In a year when Will Smith plays the genie in a live-action remake of Disney’s Aladdin, it really does feel like there are no new ideas in Hollywood. Men in Black: International, a reboot of the Will Smith sci-fi classic, definitely isn’t going to prove that old saying wrong, but it still manages to remix the original movie into a perfectly crafted adventure that somehow manages to surpass its predecessor. Maybe new is overrated.
MIB: International (directed by F. Gary Gray, Straight Outta Compton, The Fate of the Furious) is intensely familiar in the best way possible. The two-hour movie is loaded with Easter eggs and references, not to mention the familiar score and the comforting Spielberg aesthetic that still pours effortlessly out of Amblin Entertainment — everything from the way the camera frames each scene to how the story unfolds somehow feels as cozy as rewatching E.T.
International’s new hero, Tessa Thompson as Agent M, stands in for the audience as a young geek who’s so obsessed with the Men in Black she forces her way into the secret organization. At this point in her career, you’d be a fool to doubt Thompson’s talent, but she more than holds her own against the shadow of Will Smith’s Agent J, playing an awkward fangirl who can’t believe she’s finally been let into the club. She’s somehow even more charming than Smith’s fast-talking jock.
Opposite Thompson is Chris Hemsworth as Agent H, basically playing his Avengers character, Thor, but in a suit instead of the cape and hammer (though he does pick up a tiny hammer in one hilarious fight scene). It took Hemsworth four Marvel movies to convince the studio he could be funny, but here he hits the ground running. We already know Hemsworth as that funny guy with a great smile, and Men in Black: International doesn’t challenge that. It even pairs him with an actor we already know he has chemistry with (Thompson also showed up as Valkyrie in Thor: Ragnarok), so there’s never any doubt the ensemble will work here.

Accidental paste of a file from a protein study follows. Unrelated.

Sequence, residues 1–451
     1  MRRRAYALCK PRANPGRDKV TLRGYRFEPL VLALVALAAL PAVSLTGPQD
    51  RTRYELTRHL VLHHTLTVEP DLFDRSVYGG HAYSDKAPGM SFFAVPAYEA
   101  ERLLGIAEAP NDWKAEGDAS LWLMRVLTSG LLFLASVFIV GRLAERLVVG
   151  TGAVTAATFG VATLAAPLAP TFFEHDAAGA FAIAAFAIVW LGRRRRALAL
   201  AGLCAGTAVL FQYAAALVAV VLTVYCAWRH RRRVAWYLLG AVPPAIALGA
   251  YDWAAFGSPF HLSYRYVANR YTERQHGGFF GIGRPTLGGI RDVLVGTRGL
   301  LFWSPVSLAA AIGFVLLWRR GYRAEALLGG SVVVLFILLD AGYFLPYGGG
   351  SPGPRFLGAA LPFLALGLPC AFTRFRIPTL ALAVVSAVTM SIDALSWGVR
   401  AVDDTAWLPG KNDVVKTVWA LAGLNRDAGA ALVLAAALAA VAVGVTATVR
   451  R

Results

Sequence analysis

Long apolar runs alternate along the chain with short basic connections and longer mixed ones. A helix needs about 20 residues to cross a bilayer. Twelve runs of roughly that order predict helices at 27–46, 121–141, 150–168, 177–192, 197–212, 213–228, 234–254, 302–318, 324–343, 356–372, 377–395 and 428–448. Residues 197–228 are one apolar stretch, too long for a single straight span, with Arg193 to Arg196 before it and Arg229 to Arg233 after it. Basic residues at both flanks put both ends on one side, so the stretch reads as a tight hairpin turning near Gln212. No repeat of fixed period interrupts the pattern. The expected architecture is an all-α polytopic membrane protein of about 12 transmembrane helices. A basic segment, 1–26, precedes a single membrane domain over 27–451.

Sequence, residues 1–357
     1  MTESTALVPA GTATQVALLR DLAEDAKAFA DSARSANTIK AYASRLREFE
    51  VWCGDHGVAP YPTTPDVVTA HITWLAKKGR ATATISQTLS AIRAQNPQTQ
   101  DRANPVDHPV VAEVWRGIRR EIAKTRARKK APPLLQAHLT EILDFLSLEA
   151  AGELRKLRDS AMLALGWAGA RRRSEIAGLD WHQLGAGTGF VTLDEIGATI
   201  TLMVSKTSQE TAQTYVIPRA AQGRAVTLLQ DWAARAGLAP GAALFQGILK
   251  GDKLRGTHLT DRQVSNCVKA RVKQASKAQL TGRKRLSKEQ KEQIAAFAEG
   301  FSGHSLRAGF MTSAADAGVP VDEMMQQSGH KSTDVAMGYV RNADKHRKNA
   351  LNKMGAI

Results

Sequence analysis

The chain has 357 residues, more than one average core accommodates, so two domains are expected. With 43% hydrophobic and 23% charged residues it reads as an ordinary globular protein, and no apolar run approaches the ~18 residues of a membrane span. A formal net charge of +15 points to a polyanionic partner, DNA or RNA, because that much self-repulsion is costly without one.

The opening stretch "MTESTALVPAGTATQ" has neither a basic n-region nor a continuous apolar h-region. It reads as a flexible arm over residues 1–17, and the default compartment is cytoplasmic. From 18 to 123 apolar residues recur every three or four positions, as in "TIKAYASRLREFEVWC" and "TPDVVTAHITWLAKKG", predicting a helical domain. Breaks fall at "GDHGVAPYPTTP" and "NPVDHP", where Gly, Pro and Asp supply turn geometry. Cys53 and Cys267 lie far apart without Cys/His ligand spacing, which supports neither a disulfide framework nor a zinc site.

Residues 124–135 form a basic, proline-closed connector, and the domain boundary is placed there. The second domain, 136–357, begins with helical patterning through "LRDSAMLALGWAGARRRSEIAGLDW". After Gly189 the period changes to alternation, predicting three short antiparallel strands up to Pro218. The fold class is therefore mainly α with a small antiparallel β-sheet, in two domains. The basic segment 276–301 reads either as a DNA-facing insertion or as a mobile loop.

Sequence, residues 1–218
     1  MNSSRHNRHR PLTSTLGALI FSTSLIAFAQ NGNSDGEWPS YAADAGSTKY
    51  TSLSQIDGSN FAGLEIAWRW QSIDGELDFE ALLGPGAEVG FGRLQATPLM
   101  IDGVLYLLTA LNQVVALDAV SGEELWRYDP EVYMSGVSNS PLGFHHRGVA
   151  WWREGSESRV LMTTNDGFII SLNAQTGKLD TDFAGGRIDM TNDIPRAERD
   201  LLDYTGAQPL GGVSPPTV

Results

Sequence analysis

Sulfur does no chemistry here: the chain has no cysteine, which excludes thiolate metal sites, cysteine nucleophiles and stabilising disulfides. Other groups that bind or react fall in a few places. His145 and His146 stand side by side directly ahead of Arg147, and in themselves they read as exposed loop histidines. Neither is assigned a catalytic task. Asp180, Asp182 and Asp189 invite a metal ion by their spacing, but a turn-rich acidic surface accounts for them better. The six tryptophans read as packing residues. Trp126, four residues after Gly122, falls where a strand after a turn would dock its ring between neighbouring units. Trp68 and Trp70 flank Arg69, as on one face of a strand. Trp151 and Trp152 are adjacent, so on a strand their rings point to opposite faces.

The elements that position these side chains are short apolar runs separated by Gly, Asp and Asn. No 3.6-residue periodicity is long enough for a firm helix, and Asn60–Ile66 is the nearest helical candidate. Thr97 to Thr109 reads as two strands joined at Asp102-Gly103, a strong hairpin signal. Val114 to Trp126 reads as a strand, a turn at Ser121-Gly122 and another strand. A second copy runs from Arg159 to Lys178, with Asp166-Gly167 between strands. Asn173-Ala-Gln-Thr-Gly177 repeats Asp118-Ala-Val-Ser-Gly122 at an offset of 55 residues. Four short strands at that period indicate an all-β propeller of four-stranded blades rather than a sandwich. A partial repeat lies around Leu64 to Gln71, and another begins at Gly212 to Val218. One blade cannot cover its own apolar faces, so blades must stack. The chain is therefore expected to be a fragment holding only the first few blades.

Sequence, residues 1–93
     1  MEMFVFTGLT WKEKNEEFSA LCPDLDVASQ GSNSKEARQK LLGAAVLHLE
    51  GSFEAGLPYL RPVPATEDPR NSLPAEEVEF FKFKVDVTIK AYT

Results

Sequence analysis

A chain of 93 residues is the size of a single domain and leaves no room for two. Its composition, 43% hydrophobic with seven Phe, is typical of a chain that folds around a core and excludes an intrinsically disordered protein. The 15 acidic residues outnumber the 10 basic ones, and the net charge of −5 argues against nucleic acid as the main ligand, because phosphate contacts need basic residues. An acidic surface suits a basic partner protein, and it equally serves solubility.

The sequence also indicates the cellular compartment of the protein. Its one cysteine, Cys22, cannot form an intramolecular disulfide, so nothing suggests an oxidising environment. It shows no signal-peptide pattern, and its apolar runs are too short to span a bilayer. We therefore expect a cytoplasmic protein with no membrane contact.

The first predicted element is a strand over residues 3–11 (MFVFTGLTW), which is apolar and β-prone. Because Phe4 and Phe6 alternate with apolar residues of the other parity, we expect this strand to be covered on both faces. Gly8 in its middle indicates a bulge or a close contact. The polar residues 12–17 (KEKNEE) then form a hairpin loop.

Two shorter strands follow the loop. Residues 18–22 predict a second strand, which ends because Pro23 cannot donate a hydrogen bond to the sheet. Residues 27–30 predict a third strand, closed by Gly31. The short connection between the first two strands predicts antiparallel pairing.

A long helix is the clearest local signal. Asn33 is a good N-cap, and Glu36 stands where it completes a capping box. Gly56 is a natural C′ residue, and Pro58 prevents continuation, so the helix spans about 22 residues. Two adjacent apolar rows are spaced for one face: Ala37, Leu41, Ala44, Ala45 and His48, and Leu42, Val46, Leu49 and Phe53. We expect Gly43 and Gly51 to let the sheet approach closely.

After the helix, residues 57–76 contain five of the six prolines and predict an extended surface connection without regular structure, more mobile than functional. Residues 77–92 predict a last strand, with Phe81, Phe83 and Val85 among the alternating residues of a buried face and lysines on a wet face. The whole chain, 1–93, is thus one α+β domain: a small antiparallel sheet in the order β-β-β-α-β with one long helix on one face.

And work it does. Agents M and H are paired up on what should be a routine mission (getting some alien prince drunk at a secret extra-terrestrial club in London). Of course, things quickly go wrong when it turns out that the alien was carrying a weapon of mass destruction in his pocket, attracting the attention of some nasty shapeshifting villains.
Before you know it, Hemsworth and Thompson are setting off on the globetrotting adventure that Men in Black: International promised in its title, aided by Liam Neeson as MIB’s London boss and an adorable little alien named Pawny, voiced by Kumail Nanjiani. Emma Thompson also shows up briefly as the sharply dressed director of the Men in Black’s NY office.
Of this trio of supporting characters, the standout is easily Nanjiani, who delivers his tried and true style of self-effacing humor mixed with sharp insults. It somehow works even better coming out of the mouth of a scaly alien the size of a salt shaker, especially when he’s also wielding a tiny little knife or a pair of grappling hook guns.
Men in Black: International may take a few detours (there’s a whole section of the movie set in the desert, which seems to be a requirement of modern action movies), but eventually, it hits all the same beats as the original. There’s the shady alien arms dealer, the regular-looking car that transforms with the press of a red button, and even the revelation that an iconic piece of architecture has an alien purpose. (Here, the Eiffel Tower was an early port of entry for alien immigrants.)
But despite feeling like a retread of the original, MIB: International somehow surpasses it. Maybe I just went in with low expectations (another Hollywood reboot?), but this movie takes everything the 1992 version did and does it better. It might not feel as gritty as the Will Smith one did, but the world International creates is just as immersive and inviting (I really want to ride the secret MIB bullet train and hang out at the alien club). The story somehow manages to surprise even while being totally predictable, and the characters feel authentic even when they’re lifted whole cloth from previous films.
The only thing missing is Will Smith’s rapping, and, if we’re being totally honest, that’s probably for the best.
Men in Black: International hits theaters on Friday, June 14.